Fed’s Easy-Money Policies Finally Spurring Growth
Three years after the Federal Reserve cut interest rates to zero, Chairman Ben Bernanke’s easy-money policies are showing signs of speeding up the economic recovery.
The housing slump may be nearing a bottom, as record-low mortgage rates are beginning to lure in more buyers, and confidence among homebuilders climbs to its level highest since May 2010, according to the National Association of Realtors.
Banks are putting their money to work in expanding commercial and industrial loans, which last quarter grew the most since Lehman Brothers went bankrupt in September 2008.
“When the Fed sprinkles happy dust on the economy, we always respond,” said Allen Sinai, co-founder and chief global economist and strategist at Decision Economics in New York. “The happy dust has been out there a long, long time, and I think it finally may be settling in some places.”
The economic recovery in the U.S. has been slow as households focused on saving rather than spending, while banks concentrated on rebuilding capital instead of lending. But that may now be changing, said Sinai, who sees growth accelerating in the range of 2.5 percent to 2.75 percent next year, compared to 1.5 percent to 2 percent this year.
However, if Congress fails to extend a payroll tax cut and special unemployment benefits beyond the end of the year, that could knock a percentage point off growth in 2012, says Stuart Hoffman, chief economist at PNC Financial Services Group in Pittsburgh.
Still, many economists remain optimistic, including Lou Crandall of Wrightson ICAP LLC in Jersey City, who predicts growth next year of just over 3 percent as companies become more confident about the economic outlook and expand their businesses.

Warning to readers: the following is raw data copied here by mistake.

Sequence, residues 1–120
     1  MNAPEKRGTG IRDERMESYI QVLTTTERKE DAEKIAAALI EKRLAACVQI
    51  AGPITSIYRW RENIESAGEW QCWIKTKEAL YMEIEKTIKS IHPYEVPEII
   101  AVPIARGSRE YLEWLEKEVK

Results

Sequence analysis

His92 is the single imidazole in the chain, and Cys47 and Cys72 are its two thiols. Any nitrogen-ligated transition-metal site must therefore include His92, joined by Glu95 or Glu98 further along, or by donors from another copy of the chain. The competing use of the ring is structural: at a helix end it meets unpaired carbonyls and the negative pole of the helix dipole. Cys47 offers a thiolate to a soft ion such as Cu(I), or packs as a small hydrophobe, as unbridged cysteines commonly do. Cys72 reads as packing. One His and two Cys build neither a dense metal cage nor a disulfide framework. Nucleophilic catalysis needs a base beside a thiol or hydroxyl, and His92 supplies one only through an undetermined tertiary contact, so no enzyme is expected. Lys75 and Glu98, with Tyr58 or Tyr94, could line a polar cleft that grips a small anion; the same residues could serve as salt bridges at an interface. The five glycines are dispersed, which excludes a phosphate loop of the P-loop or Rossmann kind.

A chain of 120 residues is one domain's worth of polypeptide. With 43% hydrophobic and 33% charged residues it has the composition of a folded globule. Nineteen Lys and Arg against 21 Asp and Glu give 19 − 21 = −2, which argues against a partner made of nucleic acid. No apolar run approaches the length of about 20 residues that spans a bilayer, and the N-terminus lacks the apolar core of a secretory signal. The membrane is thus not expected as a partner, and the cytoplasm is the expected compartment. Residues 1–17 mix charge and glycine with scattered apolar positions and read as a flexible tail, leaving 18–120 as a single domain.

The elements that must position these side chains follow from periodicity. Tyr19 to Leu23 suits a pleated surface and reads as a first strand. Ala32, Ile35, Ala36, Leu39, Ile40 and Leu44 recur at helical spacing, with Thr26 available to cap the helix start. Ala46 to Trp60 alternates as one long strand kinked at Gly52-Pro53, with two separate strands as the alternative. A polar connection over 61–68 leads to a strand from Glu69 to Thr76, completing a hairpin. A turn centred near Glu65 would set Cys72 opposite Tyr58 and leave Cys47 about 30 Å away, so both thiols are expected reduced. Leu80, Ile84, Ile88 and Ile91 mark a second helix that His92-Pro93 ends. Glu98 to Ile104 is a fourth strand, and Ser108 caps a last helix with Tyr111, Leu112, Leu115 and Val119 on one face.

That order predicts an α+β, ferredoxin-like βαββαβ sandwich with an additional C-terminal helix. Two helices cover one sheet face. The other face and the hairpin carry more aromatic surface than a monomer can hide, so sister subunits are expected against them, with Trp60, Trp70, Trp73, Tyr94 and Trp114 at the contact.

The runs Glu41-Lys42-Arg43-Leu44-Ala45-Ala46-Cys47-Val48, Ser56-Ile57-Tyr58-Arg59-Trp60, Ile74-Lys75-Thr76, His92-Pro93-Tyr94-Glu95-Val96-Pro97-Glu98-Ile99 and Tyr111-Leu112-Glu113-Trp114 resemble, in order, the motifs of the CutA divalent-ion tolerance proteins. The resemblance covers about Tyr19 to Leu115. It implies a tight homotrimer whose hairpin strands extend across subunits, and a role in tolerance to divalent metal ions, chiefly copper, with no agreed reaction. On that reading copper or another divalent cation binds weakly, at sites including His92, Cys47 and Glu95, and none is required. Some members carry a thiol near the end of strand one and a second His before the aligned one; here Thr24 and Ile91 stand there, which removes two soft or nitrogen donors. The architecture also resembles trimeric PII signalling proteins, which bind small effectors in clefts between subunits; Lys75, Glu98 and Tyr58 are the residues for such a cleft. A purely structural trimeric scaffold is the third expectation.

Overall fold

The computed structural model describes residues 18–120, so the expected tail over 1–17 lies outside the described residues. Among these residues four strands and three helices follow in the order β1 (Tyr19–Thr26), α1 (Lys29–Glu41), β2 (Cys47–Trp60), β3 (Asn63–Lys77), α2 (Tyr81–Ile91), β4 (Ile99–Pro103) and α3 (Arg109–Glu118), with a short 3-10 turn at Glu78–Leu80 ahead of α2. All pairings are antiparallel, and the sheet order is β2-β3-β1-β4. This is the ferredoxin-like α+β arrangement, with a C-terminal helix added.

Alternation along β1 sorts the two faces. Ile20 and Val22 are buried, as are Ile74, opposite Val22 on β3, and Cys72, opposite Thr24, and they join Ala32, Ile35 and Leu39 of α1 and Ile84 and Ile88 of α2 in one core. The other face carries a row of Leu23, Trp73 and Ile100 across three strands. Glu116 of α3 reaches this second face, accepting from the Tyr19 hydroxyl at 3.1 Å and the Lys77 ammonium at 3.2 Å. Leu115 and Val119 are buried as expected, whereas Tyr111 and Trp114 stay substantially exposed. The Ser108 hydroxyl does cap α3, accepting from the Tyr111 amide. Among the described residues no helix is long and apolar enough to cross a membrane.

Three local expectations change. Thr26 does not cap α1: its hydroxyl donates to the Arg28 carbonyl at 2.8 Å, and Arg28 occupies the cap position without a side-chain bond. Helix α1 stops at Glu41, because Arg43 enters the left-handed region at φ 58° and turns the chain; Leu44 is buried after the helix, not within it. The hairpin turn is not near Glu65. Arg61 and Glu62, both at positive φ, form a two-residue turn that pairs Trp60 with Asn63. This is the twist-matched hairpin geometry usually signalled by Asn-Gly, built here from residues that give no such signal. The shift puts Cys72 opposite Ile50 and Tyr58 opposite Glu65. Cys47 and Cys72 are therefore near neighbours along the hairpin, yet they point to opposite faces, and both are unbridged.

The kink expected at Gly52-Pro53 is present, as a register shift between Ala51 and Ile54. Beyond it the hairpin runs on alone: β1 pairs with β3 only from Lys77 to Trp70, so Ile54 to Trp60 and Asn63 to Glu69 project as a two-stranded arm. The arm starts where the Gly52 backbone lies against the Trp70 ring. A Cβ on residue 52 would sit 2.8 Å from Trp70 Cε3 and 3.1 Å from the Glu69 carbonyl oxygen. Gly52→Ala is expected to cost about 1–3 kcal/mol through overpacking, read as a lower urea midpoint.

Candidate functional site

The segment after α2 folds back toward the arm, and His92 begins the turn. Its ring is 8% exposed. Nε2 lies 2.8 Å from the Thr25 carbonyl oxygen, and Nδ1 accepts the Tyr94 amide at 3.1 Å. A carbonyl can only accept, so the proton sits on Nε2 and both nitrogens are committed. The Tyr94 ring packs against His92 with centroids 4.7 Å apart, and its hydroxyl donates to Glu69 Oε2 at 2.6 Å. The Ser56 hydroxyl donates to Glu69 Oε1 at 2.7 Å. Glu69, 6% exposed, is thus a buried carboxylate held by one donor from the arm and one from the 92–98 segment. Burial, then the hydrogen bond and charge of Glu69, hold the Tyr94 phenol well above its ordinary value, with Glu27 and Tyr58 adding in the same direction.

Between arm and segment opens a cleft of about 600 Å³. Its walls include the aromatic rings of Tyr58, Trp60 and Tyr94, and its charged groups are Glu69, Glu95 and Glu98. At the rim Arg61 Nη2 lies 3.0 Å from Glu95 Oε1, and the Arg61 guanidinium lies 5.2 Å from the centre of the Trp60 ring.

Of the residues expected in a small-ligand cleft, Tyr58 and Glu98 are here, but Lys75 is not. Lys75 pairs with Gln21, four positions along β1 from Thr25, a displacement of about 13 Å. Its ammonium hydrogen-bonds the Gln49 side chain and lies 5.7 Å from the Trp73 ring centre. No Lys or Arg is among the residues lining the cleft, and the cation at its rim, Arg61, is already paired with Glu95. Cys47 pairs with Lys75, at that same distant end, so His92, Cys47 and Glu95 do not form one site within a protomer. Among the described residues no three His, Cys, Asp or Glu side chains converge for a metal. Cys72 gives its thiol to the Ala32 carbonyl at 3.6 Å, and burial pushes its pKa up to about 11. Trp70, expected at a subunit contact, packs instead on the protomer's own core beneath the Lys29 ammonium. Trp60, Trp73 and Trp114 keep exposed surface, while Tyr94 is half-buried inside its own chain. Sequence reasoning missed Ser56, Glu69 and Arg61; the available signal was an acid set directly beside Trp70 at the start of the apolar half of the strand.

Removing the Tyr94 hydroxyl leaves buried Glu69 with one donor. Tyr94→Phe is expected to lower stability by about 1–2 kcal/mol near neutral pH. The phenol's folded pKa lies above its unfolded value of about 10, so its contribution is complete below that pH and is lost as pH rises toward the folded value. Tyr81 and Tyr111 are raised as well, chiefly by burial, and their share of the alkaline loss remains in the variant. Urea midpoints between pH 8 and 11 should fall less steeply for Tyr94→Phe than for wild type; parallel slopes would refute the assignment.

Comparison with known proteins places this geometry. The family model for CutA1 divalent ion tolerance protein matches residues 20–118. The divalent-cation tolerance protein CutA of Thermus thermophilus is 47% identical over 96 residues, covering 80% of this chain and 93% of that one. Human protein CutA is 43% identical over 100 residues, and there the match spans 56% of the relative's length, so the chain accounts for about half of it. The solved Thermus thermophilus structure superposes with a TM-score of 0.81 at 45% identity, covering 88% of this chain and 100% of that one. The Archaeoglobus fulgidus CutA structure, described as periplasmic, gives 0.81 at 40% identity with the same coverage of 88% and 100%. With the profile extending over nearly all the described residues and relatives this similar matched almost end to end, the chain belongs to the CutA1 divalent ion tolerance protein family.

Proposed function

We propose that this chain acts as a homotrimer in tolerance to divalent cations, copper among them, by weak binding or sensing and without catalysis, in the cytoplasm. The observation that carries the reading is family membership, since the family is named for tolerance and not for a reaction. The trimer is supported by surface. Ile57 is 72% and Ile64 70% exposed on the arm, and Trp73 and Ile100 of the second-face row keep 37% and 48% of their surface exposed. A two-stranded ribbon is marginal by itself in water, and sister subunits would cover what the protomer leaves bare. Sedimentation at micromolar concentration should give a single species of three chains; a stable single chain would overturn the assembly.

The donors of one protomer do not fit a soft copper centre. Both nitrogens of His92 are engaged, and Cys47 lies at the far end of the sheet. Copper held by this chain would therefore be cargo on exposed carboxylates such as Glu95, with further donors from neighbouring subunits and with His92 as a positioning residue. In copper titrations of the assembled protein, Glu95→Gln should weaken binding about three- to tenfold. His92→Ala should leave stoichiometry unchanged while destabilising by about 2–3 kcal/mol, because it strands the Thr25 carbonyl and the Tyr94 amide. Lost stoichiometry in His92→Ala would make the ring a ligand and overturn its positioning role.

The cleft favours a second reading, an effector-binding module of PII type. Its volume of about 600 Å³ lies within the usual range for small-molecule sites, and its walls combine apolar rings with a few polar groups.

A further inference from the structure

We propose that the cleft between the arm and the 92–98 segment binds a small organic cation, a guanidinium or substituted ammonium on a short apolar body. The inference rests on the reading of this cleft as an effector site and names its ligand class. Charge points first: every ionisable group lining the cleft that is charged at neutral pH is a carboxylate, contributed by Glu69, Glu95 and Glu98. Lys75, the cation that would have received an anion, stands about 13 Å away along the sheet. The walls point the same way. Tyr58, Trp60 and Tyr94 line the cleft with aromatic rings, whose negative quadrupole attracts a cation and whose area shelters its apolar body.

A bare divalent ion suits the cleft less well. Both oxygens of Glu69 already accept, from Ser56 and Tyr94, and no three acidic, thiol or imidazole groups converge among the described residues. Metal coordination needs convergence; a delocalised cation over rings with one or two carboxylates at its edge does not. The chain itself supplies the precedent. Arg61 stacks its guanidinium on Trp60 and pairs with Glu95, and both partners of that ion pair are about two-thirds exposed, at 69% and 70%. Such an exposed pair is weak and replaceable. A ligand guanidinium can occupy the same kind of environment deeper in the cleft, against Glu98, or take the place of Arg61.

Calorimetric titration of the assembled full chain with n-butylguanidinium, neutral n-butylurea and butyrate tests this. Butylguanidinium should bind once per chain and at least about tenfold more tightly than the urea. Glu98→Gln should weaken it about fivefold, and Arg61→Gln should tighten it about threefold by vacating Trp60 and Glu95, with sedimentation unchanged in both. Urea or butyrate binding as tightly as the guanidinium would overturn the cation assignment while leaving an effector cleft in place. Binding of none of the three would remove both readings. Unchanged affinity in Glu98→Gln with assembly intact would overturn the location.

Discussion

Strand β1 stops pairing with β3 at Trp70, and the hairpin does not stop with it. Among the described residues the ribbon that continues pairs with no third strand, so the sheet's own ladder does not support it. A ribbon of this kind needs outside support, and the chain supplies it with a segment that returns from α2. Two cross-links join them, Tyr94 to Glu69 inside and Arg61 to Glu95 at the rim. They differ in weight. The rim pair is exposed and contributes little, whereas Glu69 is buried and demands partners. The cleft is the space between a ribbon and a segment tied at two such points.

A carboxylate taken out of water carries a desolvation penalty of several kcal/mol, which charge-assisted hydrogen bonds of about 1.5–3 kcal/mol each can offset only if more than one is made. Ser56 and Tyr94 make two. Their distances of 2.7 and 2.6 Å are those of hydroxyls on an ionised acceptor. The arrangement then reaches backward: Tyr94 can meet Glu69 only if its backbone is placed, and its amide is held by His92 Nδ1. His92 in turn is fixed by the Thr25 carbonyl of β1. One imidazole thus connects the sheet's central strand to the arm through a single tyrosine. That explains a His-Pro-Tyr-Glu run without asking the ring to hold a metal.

Sinai says the resilience of the economy will lift corporate earnings and stock prices. Operating profits of companies in the Standard & Poor’s 500 Index will rise by an average of 8 to 10 percent next year, and the stock gauge will end the year at 1,400, he forecasts, up from 1,241.30 at close on Tuesday.
Hoffman predicts that “next year, stocks will do better than bonds.” He sees stock returns in the “high single digits,” including dividends, while he expects the yield on the benchmark 10-year Treasury note to be below 2 percent.
President Barack Obama said it’s “possible” the U.S. unemployment rate may be down to 8 percent by the November 2012 elections in an interview on CBS television program “60 Minutes” on December 11. Both Sinai and Dean Maki, chief U.S. economist at Barclays Capital in New York, agree with the president’s assessment of the recovery.
“We see the unemployment rate at 8 percent at the end of 2012,” Maki said, compared with a rate of 8.6 percent last month. It will fall faster than many forecasters expect, in part because “more and more of the baby boomers are retiring every month,” he added.
However, just as the payroll-tax debate in Congress is creating a level of economic uncertainty heading into the New Year, so too could debate over former president George W. Bush’s income-tax cuts, which are scheduled to expire at the end of 2012.
Europe also remains a concern as the sovereign debt crisis and the deceleration of emerging-market growth threaten to “knock us off course,” said Federal Reserve Bank of Dallas President Richard Fisher. While demand “has slowly begun to strengthen domestically,” a slowdown in Europe and in emerging economies such as China and Brazil “and concerns about financial tripwires that might be triggered give rise to caution,” he said.